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ANCAP: Foton Tunland awarded three stars

Not so smashing: Foton’s Tunland ute punches the wall in ANCAP offset crash testing.

Chinese-made Foton Tunland ute comes up short in ANCAP crash safety testing

Foton logo28 Feb 2013

THE Chinese-made Foton Tunland ute has been awarded just three stars in Australian New Car Assessment Program (ANCAP) crash safety testing, continuing the lamentable safety performance of vehicles imported from the world’s biggest motor industry.

The ute, which was crashed at Sydney’s Crashlab in January on behalf of the independent safety organisation, also copped a blast for not having electronic stability control (ESC).

ANCAP chairman Lauchlan McIntosh said ESC was a life-saver, particularly in vehicles with a higher centre of gravity.

“There really is no excuse for a new vehicle coming into the market today to be without ESC, which is now mandatory for passenger cars,” he said.

Utes require ESC to achieve four stars under ANCAP rules introduced last year, but it is unclear if that would have got it across the line anyway, as its crash test performance was described by ANCAP as “relatively poor”.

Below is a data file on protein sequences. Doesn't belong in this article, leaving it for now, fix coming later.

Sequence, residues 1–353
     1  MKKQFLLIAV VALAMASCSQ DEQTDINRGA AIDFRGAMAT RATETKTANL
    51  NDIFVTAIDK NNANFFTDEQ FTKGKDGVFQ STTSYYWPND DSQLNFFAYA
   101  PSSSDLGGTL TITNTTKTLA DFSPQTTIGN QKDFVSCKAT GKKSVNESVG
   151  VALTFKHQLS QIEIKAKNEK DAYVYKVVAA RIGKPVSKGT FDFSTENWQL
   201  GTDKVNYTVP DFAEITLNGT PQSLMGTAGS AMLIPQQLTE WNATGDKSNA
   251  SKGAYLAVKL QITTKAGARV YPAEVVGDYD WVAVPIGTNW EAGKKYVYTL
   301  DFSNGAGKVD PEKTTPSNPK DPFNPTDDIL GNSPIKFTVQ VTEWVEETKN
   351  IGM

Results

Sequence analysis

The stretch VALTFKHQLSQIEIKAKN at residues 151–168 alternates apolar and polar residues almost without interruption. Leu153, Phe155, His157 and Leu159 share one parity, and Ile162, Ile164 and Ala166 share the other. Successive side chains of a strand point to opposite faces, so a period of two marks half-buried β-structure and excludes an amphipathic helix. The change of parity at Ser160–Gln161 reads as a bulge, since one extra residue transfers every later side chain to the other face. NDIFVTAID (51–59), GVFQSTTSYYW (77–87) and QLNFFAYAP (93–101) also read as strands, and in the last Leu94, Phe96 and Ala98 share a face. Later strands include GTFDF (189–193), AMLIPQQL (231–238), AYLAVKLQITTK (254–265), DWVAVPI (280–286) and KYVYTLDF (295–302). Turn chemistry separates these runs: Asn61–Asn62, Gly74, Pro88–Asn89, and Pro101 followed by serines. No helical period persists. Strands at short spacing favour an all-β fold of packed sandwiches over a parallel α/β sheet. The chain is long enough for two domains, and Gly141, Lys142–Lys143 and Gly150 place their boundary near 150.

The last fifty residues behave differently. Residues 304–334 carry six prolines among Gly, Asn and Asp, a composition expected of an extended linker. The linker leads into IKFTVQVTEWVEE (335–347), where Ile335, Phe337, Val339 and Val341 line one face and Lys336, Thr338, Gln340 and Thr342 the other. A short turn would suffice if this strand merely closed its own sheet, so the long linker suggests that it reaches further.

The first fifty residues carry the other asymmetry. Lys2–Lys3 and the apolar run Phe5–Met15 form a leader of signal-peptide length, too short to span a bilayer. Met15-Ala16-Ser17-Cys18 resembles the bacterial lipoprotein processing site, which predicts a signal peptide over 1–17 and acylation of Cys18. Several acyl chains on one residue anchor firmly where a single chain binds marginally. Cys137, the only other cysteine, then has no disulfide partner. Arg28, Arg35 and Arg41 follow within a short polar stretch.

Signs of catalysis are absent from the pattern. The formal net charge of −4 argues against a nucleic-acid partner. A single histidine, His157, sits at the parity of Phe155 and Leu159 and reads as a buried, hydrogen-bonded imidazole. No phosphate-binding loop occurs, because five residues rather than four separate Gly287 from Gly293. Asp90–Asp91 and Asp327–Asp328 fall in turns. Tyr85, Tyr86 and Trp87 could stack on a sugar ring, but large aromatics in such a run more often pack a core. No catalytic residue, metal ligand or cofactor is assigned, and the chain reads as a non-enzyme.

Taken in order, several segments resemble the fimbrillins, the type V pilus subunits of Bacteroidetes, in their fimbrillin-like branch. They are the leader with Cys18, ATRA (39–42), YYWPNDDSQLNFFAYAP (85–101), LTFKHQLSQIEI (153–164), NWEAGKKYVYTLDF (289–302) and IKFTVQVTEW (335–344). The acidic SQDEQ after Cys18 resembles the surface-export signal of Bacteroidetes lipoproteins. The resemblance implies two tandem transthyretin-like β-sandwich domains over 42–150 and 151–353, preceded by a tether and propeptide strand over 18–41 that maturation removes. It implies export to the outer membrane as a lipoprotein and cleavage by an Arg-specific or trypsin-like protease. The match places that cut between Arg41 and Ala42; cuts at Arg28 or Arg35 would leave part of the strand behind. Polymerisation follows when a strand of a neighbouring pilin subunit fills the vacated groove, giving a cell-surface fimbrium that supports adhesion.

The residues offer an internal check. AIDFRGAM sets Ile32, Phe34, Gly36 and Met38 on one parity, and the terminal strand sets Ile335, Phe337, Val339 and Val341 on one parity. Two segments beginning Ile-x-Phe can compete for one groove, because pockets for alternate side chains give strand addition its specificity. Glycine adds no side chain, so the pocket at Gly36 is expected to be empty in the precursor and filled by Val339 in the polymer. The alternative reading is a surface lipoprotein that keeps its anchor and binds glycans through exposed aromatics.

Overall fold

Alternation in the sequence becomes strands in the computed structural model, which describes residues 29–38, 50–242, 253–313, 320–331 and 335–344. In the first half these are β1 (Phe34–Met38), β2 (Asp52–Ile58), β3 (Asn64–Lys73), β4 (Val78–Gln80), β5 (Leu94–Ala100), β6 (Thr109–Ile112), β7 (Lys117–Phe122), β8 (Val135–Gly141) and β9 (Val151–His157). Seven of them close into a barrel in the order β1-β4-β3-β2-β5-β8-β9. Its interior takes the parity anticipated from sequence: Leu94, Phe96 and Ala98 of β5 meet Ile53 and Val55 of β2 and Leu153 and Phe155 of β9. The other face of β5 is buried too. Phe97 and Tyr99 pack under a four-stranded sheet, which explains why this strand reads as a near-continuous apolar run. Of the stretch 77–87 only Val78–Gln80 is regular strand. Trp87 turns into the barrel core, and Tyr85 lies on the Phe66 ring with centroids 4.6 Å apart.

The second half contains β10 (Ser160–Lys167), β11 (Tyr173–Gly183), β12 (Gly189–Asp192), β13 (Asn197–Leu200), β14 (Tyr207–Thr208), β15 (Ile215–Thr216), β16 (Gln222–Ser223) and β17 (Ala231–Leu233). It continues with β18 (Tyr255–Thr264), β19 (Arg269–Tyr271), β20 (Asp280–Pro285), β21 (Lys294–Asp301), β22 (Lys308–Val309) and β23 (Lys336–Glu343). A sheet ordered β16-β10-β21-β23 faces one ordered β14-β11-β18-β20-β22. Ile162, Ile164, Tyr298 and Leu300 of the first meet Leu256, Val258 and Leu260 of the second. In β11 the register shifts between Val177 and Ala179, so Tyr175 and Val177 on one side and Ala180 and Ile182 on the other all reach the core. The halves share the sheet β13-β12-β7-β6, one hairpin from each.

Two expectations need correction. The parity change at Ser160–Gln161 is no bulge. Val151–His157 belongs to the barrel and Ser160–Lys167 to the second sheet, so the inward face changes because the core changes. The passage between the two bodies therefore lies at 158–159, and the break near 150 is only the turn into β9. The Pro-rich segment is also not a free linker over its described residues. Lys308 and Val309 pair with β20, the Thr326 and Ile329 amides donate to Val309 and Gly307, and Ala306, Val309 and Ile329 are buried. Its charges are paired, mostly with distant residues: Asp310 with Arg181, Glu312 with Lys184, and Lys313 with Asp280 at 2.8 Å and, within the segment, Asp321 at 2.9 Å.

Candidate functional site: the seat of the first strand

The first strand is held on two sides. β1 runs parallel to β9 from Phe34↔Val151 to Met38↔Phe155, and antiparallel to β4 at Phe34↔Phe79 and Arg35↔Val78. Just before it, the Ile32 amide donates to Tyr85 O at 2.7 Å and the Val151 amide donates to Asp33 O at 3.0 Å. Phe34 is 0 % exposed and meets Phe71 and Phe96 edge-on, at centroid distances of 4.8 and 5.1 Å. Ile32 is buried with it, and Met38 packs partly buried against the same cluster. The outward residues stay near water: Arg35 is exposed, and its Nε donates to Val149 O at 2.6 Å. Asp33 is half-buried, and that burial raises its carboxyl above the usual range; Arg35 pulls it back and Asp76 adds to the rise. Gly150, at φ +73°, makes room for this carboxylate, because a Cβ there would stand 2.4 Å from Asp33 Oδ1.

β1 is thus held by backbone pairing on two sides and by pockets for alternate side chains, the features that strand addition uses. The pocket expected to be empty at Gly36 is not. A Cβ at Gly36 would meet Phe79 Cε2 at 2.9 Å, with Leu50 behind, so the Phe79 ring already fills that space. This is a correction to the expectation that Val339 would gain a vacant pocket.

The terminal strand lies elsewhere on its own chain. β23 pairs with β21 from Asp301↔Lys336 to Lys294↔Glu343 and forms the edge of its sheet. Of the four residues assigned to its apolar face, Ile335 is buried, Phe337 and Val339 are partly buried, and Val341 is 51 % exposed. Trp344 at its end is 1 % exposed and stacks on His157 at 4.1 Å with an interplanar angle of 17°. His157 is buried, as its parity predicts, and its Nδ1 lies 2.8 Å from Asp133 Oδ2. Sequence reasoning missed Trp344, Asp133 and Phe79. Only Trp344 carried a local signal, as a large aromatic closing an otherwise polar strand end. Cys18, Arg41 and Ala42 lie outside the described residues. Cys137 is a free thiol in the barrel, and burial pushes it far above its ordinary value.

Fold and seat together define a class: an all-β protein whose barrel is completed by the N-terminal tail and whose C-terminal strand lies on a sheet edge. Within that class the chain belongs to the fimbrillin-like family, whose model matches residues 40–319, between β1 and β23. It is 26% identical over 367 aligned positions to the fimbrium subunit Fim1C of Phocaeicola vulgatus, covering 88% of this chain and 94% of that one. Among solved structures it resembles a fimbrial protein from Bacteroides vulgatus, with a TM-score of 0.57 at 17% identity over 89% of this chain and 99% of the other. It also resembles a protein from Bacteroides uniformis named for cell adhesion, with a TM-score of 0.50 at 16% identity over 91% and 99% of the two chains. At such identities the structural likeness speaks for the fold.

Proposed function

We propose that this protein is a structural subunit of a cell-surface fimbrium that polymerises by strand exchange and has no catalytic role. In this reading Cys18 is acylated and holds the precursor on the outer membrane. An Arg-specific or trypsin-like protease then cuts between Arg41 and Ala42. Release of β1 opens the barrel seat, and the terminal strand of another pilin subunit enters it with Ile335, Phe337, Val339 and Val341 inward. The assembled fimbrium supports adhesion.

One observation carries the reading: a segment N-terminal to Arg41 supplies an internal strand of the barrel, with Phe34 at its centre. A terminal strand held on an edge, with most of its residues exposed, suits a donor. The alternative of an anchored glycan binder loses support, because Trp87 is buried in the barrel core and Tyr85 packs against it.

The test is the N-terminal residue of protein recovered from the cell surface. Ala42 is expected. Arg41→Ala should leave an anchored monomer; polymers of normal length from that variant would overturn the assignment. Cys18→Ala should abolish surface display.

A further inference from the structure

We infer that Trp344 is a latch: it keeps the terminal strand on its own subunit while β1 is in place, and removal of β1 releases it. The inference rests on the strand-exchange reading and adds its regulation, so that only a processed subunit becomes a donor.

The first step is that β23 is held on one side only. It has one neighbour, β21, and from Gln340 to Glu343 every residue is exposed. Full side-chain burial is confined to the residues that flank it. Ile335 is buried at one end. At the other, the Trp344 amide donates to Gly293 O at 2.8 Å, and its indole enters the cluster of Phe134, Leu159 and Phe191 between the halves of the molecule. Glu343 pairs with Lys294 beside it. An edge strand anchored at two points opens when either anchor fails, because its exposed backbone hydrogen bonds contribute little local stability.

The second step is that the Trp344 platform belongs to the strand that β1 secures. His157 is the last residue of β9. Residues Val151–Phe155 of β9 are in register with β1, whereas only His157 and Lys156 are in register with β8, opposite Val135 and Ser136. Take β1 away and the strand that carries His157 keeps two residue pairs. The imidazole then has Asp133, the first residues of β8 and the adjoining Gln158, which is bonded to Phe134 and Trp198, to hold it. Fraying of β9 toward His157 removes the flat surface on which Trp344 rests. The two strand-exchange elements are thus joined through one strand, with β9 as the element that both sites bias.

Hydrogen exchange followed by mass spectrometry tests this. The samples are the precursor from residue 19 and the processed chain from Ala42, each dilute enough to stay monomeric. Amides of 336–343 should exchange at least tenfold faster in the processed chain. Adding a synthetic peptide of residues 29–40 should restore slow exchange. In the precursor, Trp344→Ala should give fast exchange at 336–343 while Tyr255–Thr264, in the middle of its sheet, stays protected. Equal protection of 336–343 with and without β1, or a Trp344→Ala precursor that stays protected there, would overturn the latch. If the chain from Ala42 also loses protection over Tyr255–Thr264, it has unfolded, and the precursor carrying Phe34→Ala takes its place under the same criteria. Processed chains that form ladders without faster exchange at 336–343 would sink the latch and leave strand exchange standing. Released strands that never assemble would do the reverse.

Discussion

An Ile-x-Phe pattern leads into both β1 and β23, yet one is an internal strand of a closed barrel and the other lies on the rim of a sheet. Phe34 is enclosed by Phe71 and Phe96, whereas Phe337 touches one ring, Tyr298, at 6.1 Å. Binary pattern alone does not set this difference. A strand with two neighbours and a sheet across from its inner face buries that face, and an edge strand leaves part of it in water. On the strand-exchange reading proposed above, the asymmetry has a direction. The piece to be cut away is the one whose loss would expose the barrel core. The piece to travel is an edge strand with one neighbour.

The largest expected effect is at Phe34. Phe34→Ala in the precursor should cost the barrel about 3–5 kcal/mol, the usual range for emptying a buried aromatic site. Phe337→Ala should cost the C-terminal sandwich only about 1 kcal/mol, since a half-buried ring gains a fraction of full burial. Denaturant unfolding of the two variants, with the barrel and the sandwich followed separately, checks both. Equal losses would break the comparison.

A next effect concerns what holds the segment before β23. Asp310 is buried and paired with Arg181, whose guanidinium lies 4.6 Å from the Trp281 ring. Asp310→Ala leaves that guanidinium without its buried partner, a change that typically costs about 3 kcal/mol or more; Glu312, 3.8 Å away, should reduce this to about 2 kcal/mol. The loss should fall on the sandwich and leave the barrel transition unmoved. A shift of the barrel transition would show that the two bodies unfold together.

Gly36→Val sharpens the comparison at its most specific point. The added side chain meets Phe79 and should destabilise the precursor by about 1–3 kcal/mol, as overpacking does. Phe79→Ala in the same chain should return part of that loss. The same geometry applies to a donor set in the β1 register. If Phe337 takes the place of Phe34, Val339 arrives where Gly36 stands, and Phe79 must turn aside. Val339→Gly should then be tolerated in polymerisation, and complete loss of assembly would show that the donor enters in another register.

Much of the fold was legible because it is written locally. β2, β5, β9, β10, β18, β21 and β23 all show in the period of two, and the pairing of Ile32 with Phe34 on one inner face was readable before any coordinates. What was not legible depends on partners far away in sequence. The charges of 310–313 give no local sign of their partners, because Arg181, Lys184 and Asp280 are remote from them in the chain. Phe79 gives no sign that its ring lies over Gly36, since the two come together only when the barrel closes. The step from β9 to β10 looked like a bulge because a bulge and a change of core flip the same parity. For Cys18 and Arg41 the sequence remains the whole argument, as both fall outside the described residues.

64 center imageLeft: Toyota Landcruiser and Mitsubishi Pajero undergo ANCAP tests.

Importer FFA Automotive had anticipated four stars for the dual-cab ute that went on sale in Australia in November.

The Tunland was said to have been designed for western markets by Foton – one of the world’s biggest commercial vehicle makers.

So far, no Chinese-made ute has managed four stars in ANCAP testing, with Great Wall’s popular V240 getting only two stars.

However, Great Wall’s X240 SUV scored four stars in testing last year – the best of any Chinese vehicle to date under local assessment.

Chery’s J11 SUV scored only two stars, while its small hatchback stablemate, the J1 got three.

While Foton fell short in the most recent round of tests, two of Australia’s best-selling large SUVs, the Toyota Landcruiser and Mitsubishi Pajero, now have been given a clean sweep of five-star results.

The addition of dual knee-protecting airbags to the Landcruiser 200 series GX and GXL models means these variants join the upmarket VX and Sahara Landcruisers on the five-star list.

Safety upgrades to Mitsubishi Pajeros built from April this year also mean five-star protection for occupants.

The Pajero previously was rated at four stars, with protection from serious leg injury described as marginal.

“These (Pajero and Landcruiser) are very popular choices for fleets and families alike, and we now know they'll be better protected in these upgraded models,” Mr Lauchlan said.

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